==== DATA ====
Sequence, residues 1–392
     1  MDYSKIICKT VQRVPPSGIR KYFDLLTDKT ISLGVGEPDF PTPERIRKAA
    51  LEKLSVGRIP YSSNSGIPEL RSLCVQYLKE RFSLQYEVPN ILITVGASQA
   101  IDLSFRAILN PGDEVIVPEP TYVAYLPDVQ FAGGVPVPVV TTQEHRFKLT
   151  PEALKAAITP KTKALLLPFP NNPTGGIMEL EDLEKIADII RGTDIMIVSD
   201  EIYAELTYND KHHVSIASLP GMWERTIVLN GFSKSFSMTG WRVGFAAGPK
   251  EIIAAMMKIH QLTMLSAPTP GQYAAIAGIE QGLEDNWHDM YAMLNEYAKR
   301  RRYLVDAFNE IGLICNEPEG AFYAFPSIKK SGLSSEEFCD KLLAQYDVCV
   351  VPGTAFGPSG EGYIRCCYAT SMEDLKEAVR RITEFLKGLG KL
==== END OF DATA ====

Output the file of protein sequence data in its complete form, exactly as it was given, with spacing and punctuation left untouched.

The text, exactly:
Sequence, residues 1–392
     1  MDYSKIICKT VQRVPPSGIR KYFDLLTDKT ISLGVGEPDF PTPERIRKAA
    51  LEKLSVGRIP YSSNSGIPEL RSLCVQYLKE RFSLQYEVPN ILITVGASQA
   101  IDLSFRAILN PGDEVIVPEP TYVAYLPDVQ FAGGVPVPVV TTQEHRFKLT
   151  PEALKAAITP KTKALLLPFP NNPTGGIMEL EDLEKIADII RGTDIMIVSD
   201  EIYAELTYND KHHVSIASLP GMWERTIVLN GFSKSFSMTG WRVGFAAGPK
   251  EIIAAMMKIH QLTMLSAPTP GQYAAIAGIE QGLEDNWHDM YAMLNEYAKR
   301  RRYLVDAFNE IGLICNEPEG AFYAFPSIKK SGLSSEEFCD KLLAQYDVCV
   351  VPGTAFGPSG EGYIRCCYAT SMEDLKEAVR RITEFLKGLG KL